Looking for answers to school security questions
by Donald Conkey
Columnist
January 31, 2013 12:00 AM | 896 views | 0 0 comments | 7 7 recommendations | email to a friend | print
What has America come to when it wants to have armed guards in its schools? It is truly a sad day for America, but reality is reality, and parents will do everything to protect their children.

But America must find a better ways to protect the children without having armed guards patrolling school hallways.

The Newtown, Conn., school massacre was not the first school massacre nor will it be the last, no matter what steps law enforcement officials take.

Following the Newtown massacre, Cherokee County Sheriff Roger Garrison was quick to step forward and offer immediate county assistance to the school system. Garrison is to be commended for his quick and responsible action.

But Garrison was also quick to respond to the cry for stronger gun controls, especially to those who would take the people’s guns away from them in their efforts to destroy the Second Amendment.

His letter to the editor of the Tribune was clear and to the point. Again, he is to be commended for stating his position so clearly on this highly emotional and volatile issue.

Incidentally, he is not alone in stating his position on this issue. Sheriffs all across America are making the same statements.

While pondered what could be done to better protect the children without bankrupting the school system I noticed an article headlined in “The Blaze” titled “Bulletproof Whiteboards.”

The story was about a company who has developed lightweight bulletproof products to protect America’s military in combat and whose CEO saw how similar products could be developed to protect school children. Their company then designed inexpensive whiteboards that could be used to protect school employees.

More expensive than ordinary whiteboards, these whiteboards are bulletproof and capture all bullets fired into them so the bullets don’t ricochet around the room, but not so expensive that a community could not come together and provide bulletproof whiteboards for its schools.

One board, 18 inches by 20 inches, costs $299; the 10-inch-by-13-inch board costs $109.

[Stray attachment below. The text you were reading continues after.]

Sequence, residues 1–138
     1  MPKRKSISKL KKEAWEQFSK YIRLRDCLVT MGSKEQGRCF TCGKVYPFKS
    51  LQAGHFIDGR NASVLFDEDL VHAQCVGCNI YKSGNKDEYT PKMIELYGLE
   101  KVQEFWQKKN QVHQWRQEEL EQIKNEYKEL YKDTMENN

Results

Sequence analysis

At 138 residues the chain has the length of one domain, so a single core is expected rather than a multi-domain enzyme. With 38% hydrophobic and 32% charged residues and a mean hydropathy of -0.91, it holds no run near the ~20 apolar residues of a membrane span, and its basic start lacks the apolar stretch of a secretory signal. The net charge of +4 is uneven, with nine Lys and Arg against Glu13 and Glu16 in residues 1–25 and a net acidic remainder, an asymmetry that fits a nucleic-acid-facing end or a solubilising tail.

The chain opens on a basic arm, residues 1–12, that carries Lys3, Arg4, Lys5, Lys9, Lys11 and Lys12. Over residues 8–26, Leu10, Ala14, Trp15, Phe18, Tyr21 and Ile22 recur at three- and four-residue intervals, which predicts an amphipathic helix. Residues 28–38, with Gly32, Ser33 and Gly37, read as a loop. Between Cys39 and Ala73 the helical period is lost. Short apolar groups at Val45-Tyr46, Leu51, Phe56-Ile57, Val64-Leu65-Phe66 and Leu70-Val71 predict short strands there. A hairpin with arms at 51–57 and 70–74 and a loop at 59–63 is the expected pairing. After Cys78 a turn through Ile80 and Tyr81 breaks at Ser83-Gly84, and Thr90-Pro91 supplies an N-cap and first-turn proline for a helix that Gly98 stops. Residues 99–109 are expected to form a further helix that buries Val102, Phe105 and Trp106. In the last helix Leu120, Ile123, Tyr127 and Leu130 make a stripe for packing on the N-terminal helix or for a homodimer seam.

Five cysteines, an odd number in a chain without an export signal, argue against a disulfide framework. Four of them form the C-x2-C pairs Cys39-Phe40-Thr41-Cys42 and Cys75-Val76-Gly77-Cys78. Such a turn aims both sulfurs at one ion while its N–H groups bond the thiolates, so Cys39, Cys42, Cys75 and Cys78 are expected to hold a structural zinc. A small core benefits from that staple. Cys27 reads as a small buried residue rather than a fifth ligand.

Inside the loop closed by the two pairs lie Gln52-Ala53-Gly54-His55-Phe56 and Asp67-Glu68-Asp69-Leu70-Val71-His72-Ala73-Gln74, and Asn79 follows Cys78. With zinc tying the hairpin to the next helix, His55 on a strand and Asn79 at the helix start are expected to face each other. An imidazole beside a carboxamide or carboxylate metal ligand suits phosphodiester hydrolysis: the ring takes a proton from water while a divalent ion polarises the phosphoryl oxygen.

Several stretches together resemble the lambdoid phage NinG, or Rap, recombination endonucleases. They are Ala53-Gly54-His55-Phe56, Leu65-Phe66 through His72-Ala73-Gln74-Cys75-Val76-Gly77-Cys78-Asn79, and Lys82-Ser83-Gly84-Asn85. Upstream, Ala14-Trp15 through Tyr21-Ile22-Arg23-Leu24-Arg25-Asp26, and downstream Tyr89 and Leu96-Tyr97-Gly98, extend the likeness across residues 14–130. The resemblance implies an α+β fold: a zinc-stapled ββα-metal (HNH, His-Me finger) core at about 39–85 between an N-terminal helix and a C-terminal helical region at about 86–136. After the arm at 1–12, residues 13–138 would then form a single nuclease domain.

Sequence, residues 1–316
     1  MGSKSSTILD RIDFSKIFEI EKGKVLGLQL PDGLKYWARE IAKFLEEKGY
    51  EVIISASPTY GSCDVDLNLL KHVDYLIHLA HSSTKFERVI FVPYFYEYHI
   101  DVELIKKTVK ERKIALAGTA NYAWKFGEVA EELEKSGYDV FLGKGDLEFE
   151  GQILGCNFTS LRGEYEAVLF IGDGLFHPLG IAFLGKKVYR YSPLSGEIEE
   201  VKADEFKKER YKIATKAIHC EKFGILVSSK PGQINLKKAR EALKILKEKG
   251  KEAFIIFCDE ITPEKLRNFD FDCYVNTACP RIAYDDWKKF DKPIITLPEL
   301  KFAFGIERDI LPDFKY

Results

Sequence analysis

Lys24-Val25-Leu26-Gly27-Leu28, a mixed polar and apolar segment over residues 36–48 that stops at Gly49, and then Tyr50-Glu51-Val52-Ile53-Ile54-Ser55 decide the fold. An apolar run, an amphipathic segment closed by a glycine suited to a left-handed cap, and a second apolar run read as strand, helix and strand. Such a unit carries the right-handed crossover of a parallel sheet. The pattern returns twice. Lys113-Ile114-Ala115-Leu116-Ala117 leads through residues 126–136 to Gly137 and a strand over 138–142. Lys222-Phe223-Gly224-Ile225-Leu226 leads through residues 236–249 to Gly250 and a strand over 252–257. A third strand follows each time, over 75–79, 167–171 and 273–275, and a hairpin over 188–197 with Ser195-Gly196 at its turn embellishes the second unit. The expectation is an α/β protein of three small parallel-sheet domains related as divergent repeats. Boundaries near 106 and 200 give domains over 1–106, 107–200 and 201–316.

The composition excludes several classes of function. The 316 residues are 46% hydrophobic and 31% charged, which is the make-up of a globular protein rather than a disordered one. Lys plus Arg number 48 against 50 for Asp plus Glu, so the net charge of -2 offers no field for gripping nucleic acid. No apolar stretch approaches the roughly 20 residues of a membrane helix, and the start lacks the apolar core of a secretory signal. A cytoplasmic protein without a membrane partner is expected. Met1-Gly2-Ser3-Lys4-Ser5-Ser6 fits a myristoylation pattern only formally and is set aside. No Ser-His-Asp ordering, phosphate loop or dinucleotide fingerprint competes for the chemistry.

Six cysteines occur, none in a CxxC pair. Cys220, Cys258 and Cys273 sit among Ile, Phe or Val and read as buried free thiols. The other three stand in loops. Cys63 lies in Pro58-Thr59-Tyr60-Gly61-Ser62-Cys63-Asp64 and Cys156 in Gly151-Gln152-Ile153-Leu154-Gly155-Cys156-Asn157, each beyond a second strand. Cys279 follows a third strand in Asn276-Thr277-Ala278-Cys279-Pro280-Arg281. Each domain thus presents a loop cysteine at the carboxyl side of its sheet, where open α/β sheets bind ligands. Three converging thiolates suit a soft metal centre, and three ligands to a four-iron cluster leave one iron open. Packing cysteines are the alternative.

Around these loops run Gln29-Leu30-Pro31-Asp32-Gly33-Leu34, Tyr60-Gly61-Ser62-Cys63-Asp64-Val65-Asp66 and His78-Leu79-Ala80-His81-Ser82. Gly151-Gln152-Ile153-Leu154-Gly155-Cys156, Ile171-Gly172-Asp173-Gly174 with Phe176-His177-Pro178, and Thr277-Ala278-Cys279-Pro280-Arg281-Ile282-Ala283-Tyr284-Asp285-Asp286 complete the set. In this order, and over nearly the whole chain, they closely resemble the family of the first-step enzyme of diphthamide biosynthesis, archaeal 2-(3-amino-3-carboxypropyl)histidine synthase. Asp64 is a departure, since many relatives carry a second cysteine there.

I called Janet Read and offered, should the school board choose to follow this path, to purchase one of the larger whiteboards for our local school. I’m quite sure there are enough businesses and individuals in Cherokee County willing to provide one board so that each school would have sufficient whiteboards to provide a semblance of protection against the next madman or boy that goes off his rocker and tries to kill the world around him.

But as we all know this is not the real solution to America’s inner moral decay.

While browsing my Gospel Library app recently I read a talk given by Ezra Taft Benson, former Secretary of Agriculture for eight years under President Eisenhower.

He began his talk by quoting Ezekiel, chapter three. But he also quoted from historian Edward Gibbon’s book, “The Rise and Fall of the Roman Empire,” pointing out how America’s current decline is comparable to that of the self-destruction of the Roman Empire anciently.

Gibbons summarized the Romans decline with five points: “1. The undermining of the dignity and sanctity of the home, which is the basis of human society. 2. Higher and higher taxes and the spending of public monies for free bread and circuses for the populace. 3. The mad craze for pleasure, sports becoming every year more and more exciting and brutal. 4. The building of gigantic armaments when the real enemy was within the decadence of the people. 5. The decay of religion — faith fading into mere form, losing touch with life, and becoming impotent to warn and guide the people.”

Gibbon’s words had a chilling effect on me as one who sees the same trend here in America.

But it was Benson’s closing words that I believe provide the real solution to America’s moral dilemma.

He declared: “There is great safety in a nation on its knees.”

He then continued with: “The spectacle of a nation praying is more awe-inspiring, more powerful, than the explosion of an atomic bomb. The force of prayer is greater than any possible combination of man-controlled powers, because ‘prayer is man’s greatest means of tapping the resources of God.’ The Founding Fathers accept(ed) this eternal verity. Do we? Will we?”

Benson’s desk prayer read: “O God, give us men with a mandate higher than the ballot box.”

Now, “will we” as a community, come together and provide the initial security our schools need immediately, until such time as America can come together as a “nation on its knees”?

It’s worth considering madam chairwoman.



Donald Conkey is a retired agricultural economist in Woodstock.
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